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 Table of Contents  
ORIGINAL ARTICLE
Year : 2021  |  Volume : 12  |  Issue : 1  |  Page : 46

Selenium, Zinc, and Copper Status in Euthyroid Nodular Goiter: A Cross-Sectional Study


1 Department of Endocrinology and Metabolic Disease, Faculty of Medicine, Yozgat Bozok University, Yozgat, Turkey
2 Department of Public Health, Faculty of Medicine, Yozgat Bozok University, Yozgat, Turkey

Date of Submission25-Sep-2019
Date of Acceptance04-Feb-2020
Date of Web Publication26-May-2021

Correspondence Address:
Elif Turan
Department of Endocrinology and Metabolic Disease, Faculty of Medicine, Yozgat Bozok University, Yozgat
Turkey
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Source of Support: None, Conflict of Interest: None


DOI: 10.4103/ijpvm.IJPVM_337_19

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  Abstract 


Background: It is known that some elements are needed for normal thyroid gland functions. Iodine and selenium are the most well-known trace elements necessary for thyroid metabolism. Selenium is involved in the formation of thyroid hormones and the structure of the deiodinases associated with the development of the thyroid gland. While the role of zinc in thyroid metabolism is at the T3 receptor level, the role of copper is yet not clear. Objective: To compare the levels of serum trace elements such as selenium, zinc, and copper between the patients with euthyroid nodular goiter and healthy participants. Methods: This cross-sectional study included 98 patients with euthyroid multinodular goiter and 83 healthy subjects without thyroid disease. The demographics, thyroid hormone levels, and thyroid ultrasonography of the participants were recorded. Venous blood samples were centrifuged and sera samples were stored at -80°C until analysis of selenium, zinc, and copper levels. The levels of trace elements were determined by inductively coupled plasma-mass spectrometry (ICP-MS). Results: While serum, zinc, and selenium levels were significantly higher in the control group than the nodular goiter group, the copper levels were similar in the two groups. Trace elements were not correlated with thyroid hormone levels and thyroid volumes. Patients in the nodular goiter group were analyzed according to their solitary and multiple nodule status. The solitary and multiple nodular goiter groups were similar in terms of copper, zinc, and selenium levels. Conclusions: Deficiency of selenium and zinc may be associated with nodular goiter. Replacement of these trace elements may be useful for the prevention of nodular goiter, especially in deficient regions.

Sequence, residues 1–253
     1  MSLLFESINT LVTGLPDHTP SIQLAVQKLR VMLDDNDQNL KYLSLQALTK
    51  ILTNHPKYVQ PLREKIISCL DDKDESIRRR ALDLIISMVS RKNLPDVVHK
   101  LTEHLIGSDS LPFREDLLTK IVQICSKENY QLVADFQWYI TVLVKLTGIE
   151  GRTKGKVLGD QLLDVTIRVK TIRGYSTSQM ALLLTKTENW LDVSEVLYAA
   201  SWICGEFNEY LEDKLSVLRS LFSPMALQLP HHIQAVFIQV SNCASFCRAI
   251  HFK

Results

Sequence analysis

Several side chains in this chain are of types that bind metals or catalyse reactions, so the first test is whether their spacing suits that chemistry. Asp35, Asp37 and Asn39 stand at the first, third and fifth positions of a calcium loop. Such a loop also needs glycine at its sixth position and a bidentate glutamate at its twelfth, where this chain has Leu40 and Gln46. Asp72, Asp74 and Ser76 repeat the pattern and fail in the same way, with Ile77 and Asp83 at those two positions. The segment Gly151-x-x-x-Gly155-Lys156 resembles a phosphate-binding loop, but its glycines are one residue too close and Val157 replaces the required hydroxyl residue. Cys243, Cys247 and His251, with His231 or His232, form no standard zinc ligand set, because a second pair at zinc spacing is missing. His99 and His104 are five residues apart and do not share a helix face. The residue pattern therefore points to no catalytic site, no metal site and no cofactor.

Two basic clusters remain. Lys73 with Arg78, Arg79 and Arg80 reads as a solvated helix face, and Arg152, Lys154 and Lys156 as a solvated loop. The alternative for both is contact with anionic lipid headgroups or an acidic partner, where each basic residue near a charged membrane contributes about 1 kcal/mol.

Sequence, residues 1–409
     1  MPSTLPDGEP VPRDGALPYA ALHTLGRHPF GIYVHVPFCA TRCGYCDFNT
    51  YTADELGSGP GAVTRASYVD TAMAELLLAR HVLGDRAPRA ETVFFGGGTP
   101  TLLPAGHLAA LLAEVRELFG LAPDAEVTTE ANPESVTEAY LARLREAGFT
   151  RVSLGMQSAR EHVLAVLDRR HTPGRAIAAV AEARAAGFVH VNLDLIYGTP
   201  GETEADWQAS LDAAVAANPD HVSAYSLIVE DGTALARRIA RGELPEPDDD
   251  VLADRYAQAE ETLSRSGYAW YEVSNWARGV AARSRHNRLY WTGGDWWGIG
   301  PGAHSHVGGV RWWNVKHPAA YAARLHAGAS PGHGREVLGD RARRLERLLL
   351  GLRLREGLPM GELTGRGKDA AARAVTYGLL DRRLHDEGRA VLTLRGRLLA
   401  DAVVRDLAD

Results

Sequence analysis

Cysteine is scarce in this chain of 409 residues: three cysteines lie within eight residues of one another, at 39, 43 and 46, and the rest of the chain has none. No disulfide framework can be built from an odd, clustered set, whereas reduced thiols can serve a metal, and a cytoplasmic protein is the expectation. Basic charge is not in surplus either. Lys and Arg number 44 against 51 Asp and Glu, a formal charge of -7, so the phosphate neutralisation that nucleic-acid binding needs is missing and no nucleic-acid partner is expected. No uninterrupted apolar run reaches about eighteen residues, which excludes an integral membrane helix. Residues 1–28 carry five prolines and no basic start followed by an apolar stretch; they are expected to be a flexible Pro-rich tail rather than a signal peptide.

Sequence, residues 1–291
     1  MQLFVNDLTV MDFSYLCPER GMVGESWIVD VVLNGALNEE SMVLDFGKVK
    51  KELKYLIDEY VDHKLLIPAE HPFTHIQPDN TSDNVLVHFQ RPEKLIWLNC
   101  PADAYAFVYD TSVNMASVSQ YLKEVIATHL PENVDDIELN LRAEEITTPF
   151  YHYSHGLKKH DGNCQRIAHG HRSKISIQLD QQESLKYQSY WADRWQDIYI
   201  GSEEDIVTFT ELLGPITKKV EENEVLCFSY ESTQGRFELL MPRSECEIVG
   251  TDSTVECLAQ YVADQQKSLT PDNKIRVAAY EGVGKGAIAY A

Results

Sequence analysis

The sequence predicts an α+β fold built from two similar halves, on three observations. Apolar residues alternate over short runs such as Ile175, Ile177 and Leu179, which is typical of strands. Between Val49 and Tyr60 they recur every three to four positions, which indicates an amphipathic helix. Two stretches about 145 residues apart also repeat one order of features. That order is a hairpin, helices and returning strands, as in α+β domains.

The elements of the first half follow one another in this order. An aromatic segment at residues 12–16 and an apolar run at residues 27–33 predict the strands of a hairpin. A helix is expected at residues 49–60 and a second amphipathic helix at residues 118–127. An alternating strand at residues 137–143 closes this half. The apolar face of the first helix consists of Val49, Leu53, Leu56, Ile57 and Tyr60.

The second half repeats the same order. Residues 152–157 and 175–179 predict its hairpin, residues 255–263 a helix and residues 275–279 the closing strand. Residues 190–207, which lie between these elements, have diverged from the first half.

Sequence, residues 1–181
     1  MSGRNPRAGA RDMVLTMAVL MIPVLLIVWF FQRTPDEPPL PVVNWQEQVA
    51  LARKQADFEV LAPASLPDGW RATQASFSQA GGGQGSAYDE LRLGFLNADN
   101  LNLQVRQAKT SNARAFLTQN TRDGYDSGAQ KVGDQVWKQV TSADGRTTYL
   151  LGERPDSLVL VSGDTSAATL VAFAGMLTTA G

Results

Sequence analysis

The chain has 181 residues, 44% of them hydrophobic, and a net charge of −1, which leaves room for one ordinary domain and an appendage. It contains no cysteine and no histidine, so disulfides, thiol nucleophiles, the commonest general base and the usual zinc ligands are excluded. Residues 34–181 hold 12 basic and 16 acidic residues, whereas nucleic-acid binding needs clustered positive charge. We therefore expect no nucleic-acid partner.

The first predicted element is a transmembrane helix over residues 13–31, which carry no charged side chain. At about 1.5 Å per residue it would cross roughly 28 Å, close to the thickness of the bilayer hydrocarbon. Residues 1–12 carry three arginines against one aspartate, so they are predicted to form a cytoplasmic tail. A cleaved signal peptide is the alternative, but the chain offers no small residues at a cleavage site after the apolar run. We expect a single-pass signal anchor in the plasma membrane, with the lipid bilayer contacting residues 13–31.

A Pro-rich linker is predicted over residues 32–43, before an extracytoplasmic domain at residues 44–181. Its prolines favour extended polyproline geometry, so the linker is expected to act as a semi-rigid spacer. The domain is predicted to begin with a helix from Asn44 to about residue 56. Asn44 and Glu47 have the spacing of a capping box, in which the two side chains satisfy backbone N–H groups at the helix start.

Keywords: Copper, selenium, thyroid nodule, trace elements, zinc


How to cite this article:
Turan E, Turksoy VA. Selenium, Zinc, and Copper Status in Euthyroid Nodular Goiter: A Cross-Sectional Study. Int J Prev Med 2021;12:46

How to cite this URL:
Turan E, Turksoy VA. Selenium, Zinc, and Copper Status in Euthyroid Nodular Goiter: A Cross-Sectional Study. Int J Prev Med [serial online] 2021 [cited 2021 Jun 18];12:46. Available from: https://www.ijpvmjournal.net/text.asp?2021/12/1/46/316921




  Introduction Top


Some trace elements such as iodine, selenium, copper, and zinc can affect normal thyroid hormone synthesis and metabolism. The lack of these substances affects thyroid hormone homeostasis.[1],[2] The relation of iodine and selenium with thyroid disease has been evaluated in many previous studies.[3],[4],[5],[6] High concentrations of selenium may be present in thyroid tissue.[7] Selenium-containing proteins (selenoproteins) have important functions in the thyroid tissue. In addition, they play a role in antioxidant defense of thyroid against excessive hydrogen peroxidase exposure. They are also a part of the enzyme iodothyronine deiodinase which is involved in the activation and inactivation of thyroid hormone.[8] Therefore, selenium deficiency may result in a decrease in the production of the active T3 hormone. In particular, the sodium selenate (Se +4) form directly activates natural killer cells has an antileukemic effect and anticancer properties.[9],[10] These anticancer properties have been proven by clinical and experimental studies.[11],[12],[13]

Zinc is a trace element that plays a role in cell proliferation and biochemical reactions in the body. Moreover, the thyroid is considered to have an important role in zinc hemostasis. The association between zinc and thyroid metabolism is based on the hypothesis that the nuclear T3 receptor contains zinc-binding protein.[14] Thus, thyroid hormones have an effect on zinc absorption and excretion.[15]

The role of copper in thyroid tissue is yet unclear. Moreover, as per data, it has been shown that inadequate or excessive uptake may affect thyroid hormone metabolism. Copper and zinc are well-known components of antioxidant defense. They serve as cofactors of some proteins in the modification of transcription factors and receptors in the regulation of critical cellular processes hence, these trace elements may lead to various pathophysiological consequences depending on the amount.[14]

The objective of the present study was to compare the levels of serum trace elements such as selenium, zinc, and copper between the patients with euthyroid nodular goiter and healthy participants.


  Methods Top


Study design and inclusion criteria

The study design was cross-sectional. Around 98 patients with euthyroid multinodular goiter and 83 healthy subjects with no thyroid disease, who applied to Yozgat Bozok University, Endocrine Outpatient Clinic, between February 2018 and September 2018, were consecutively included in this study. The study protocol was in accordance with the Helsinki Declaration of 1975, as revised in 2000. Yozgat Bozok University Clinical Research Ethics Committee approved the study design (2017-KAEK-189_2018.02.27_13) and informed consent form was obtained from all participants.